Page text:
Elly Griffiths has knocked another one out of the park, and I can’t wait to dig into the other books in this series and some others I haven’t had a chance to read yet!

About the Book

Words turn deadly with an unlikely detective duo on the case of a murdered obituary writer in this literary mystery from the internationally bestselling author of the Ruth Galloway series. Perfect for fans of Richard Osman and Anthony Horowitz.

Natalka and Edwin are perfect if improbable partners in a detective agency. At eighty-four, Edwin regularly claims that he’s the oldest detective in England. He is a master at surveillance, deploying his age as a cloak of invisibility. Natalka, Ukrainian-born and more than fifty years his junior, is a math whizz, who takes any cases concerning fraud or deception. Despite a steady stream of minor cases, Natalka is frustrated. She loves a murder, as she’s fond of saying, and none have come the agency’s way. That is until local writer Melody Chambers dies.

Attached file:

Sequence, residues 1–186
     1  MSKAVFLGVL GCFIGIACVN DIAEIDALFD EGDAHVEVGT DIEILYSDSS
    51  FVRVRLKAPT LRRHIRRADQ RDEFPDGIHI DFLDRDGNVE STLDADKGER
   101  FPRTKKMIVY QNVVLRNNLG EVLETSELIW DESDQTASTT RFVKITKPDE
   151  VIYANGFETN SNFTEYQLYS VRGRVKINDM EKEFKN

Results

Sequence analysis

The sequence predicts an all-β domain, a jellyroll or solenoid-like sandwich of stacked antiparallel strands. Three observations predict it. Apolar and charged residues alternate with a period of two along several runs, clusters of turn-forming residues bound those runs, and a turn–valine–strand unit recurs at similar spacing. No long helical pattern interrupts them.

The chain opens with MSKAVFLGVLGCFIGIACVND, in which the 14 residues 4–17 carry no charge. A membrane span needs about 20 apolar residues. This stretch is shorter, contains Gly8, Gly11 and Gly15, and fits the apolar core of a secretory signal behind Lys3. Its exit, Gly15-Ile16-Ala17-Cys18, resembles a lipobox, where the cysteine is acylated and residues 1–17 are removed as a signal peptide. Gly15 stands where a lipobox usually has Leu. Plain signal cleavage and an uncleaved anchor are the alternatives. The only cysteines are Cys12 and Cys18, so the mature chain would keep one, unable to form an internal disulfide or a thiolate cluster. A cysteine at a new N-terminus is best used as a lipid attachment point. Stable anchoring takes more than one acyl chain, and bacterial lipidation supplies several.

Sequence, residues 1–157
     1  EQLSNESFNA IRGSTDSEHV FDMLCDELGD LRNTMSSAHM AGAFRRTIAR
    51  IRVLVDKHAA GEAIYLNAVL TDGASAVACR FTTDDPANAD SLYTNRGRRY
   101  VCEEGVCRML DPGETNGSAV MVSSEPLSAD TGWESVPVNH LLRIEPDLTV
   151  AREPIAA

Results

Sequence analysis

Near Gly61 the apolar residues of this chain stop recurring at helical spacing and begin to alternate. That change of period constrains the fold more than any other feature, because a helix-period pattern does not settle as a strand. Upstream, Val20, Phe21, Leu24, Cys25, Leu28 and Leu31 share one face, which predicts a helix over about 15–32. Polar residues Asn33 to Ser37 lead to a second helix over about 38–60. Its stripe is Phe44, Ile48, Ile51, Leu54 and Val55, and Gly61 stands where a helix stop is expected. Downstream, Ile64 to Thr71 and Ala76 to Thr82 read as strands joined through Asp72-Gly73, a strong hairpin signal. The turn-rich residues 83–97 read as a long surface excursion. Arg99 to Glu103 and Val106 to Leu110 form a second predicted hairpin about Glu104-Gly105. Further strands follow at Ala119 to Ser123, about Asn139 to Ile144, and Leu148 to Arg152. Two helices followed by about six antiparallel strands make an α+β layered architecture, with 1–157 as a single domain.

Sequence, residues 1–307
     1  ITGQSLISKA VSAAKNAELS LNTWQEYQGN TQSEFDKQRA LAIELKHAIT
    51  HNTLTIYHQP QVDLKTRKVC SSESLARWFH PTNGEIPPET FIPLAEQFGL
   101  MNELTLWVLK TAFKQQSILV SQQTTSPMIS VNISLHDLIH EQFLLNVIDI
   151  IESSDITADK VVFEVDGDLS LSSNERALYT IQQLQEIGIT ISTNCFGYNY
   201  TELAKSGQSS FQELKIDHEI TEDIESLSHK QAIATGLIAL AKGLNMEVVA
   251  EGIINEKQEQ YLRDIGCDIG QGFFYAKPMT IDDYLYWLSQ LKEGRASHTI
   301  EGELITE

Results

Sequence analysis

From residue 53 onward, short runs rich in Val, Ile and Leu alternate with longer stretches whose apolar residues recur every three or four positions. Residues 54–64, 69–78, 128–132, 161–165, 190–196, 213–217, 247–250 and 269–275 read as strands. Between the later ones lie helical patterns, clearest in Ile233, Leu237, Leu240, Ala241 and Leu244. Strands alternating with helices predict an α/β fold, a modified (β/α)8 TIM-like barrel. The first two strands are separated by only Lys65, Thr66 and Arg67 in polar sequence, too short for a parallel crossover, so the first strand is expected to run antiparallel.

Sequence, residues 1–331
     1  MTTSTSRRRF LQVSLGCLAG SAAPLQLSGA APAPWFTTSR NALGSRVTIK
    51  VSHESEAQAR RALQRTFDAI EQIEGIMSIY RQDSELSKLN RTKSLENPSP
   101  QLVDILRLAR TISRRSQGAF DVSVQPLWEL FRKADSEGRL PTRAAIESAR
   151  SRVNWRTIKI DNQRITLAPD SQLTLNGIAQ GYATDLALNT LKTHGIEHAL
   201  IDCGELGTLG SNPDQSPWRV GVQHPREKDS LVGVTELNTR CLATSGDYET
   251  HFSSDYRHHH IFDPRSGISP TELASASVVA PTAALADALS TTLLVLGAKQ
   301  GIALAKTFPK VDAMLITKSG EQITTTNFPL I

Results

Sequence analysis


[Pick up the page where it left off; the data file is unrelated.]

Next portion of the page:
Melody’s daughters are convinced that their mother was murdered. Edwin thinks that Melody’s death is linked to that of an obituary writer who predeceased many of his subjects. Edwin and Benedict go undercover to investigate and are on a creative writing weekend at isolated Battle House when another murder occurs. Are the cases linked and what is the role of a distinctly sinister book group attended by many of writers involved? By the time Edwin has infiltrated the group, he is in serious danger…

Seeking professional help, the investigators turn to their friend, detective Harbinder Kaur, and find they have stumbled on a plot that is stranger than fiction.

My Thoughts

This is clearly part of a series, and as a personal preference, I hate coming in late on a series so I will absolutely have to go back and read the others. That is especially true because I adore everything Elly Griffiths touches. I was captivated by her Ruth Galloway novels, and this is equally outstanding, but unique in its own right.